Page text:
• You DON'T need to swab your wok in oil after cooking. Guides will often say to rub your wok down with a thin coat of oil before storing to avoid rust. This is vague, though I think when people say this, they mean before putting your wok away for a long time. But why would you put it away for a long time? So, alright, if you don't anticipate using your wok for a long time and you don't have a good seasoning built up, then a coat of oil probably helps. However, if you use your wok occasionally even, as I do (anywhere from a couple times a week to once in two weeks), you don't need to coat it in oil.
What to look for:
  • A deep brown, matte surface. Properly seasoned, the wok surface will have a matte (not glossy) finish and be deep brown--not glossy and black. If it's glossy and black, that's a sign you've got a carbon shell forming.

In the photo above, you can see both black and brown parts. The black areas are where I had previously built up carbon shell. The deep brown is where the carbon shell has gradually fallen away as I cooked and cleaned my wok, revealing or making room for (?) the deep brown, true seasoning. Honestly, I'm not sure about the transformation going on here. When I've done the seasoning incorrectly before, the carbon shell has fallen away to reveal shiny, silver metal. As I'm just going through, cooking, cleaning, and cooling without after-cooking-stovetop-seasoning, my wok is slowly transforming without the cracking and flaking.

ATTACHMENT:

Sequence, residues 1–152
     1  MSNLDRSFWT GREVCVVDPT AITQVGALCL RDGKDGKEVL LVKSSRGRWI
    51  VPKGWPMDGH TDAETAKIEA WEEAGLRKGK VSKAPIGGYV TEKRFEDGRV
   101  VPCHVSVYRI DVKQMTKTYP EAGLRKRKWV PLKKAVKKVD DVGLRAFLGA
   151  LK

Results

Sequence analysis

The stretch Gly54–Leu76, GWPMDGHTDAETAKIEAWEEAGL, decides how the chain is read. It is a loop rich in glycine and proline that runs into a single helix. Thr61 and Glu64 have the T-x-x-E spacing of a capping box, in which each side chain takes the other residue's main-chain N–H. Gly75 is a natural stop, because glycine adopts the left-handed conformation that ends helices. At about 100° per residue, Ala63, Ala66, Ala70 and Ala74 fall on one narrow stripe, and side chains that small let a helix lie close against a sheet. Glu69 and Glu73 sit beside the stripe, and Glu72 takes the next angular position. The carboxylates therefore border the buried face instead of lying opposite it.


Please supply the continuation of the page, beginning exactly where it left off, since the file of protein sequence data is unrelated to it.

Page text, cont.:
Here, you can see an example of glossy black carbonization. The higher areas of my wok still have the false carbon shell remaining from when I stovetop-seasoned it with canola oil. Were these areas exposed to more intense heat, as the bottom of the wok is, they would eventually crack and flake away. Still, it is a quick and convenient way to make your wok look prettier, rather than having just the bottom dark.

What to do if your wok is cracking and flaking. Unfortunately, if this is happening, you can't just stovetop-season over the flaking parts. The cracking and flaking will continue and spread. You just have to scrape away the flaking parts of the wok (generally the bottom area, which is in contact with higher heat) and start over.

In summary, if you are patient and work properly with your wok, the seasoning will gradually build up on its own. I hope my notes have been helpful, and happy cooking!